How Friends and Family Can Support Bereaved Parents
The support of relatives and friends can assist bereaved parents in recovering from their loss.
Deborah L. Davis is a developmental psychiatrist who specializes in perinatal bereavement, parent education and child development as well as the author of Empty Cradle, Broken Heart.
She offers some guidelines to keep in mind:
- Face your own feelings about death – Acknowledging your feelings of disappointment, failure, fear, sadness and anger over the death of the baby will allow you to better approach the parents openly and supportively.
- Educate yourself about grief – Awareness of the behavior and emotions that accompany grieving will enable you to reassure the parents that their reactions are normal.
- Affirm the baby – Talk about the baby using his or her given name. Give the parents time to remember and dwell on the baby. This will help them acknowledge the loss and express their feelings. Recognize that they are still parents.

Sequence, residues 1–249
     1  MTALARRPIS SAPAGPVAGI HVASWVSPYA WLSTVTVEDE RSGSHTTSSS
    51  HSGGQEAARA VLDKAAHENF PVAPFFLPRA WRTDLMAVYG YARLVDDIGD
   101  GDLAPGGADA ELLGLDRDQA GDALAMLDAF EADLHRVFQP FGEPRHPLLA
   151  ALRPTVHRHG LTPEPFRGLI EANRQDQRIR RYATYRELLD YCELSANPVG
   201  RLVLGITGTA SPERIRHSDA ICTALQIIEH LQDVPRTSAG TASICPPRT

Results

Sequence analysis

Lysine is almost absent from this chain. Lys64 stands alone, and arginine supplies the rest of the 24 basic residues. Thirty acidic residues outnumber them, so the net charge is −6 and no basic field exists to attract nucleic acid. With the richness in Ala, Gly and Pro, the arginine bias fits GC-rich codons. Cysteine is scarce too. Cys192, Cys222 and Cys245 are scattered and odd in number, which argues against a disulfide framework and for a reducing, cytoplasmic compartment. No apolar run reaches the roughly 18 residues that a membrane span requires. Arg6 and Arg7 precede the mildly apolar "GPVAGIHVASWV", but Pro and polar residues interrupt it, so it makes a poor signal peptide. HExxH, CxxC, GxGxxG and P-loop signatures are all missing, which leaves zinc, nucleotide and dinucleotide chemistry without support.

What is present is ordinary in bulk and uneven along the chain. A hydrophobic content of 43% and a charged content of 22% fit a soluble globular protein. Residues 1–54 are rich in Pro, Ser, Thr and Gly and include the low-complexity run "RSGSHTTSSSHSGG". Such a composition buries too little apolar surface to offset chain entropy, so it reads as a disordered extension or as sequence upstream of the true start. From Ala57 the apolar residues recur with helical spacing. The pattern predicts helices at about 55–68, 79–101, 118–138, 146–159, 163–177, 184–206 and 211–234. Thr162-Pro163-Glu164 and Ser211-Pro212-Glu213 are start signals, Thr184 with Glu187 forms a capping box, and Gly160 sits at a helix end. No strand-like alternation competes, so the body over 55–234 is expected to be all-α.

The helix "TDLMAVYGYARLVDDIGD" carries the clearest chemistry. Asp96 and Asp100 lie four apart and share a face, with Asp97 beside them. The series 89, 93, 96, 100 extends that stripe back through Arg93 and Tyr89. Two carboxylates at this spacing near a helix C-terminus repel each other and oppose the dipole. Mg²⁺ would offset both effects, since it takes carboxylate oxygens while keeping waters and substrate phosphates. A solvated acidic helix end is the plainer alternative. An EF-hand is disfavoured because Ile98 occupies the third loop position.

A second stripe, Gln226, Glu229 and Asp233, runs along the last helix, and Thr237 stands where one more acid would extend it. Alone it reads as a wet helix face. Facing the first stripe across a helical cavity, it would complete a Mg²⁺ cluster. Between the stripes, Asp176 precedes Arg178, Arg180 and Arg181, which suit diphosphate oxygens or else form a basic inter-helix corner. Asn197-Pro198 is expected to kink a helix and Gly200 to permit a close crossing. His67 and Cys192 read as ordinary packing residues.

- Validate the parents’ grief – Don’t avoid talking about the baby’s death or belittle their grief. Simply tell them how sorry you are and that you are thinking of them. Knowing that you care and understand will make a difference.
- Be a willing listener – Parents benefit from telling their story over and over. By listening with empathy and acceptance, you will give them a chance to air thoughts and feelings without fear of judgment or pressure to get over their loss. If the parent starts to cry, it’s OK. You have given them an opportunity to express themselves.
- Continue to offer support as time passes - Many parents feel pressured to feel better after just a few weeks or months. Continue to let them know you are thinking of them and the baby. Ask to see photographs or other mementos. If you have the opportunity, express your remembrance on the anniversary of the baby’s due date, birth or death, or on special holidays.
Davis, Deborah L.. (1996). Empty Cradle, Broken Heart. Golden, Colo.: Fulcrum Publishing.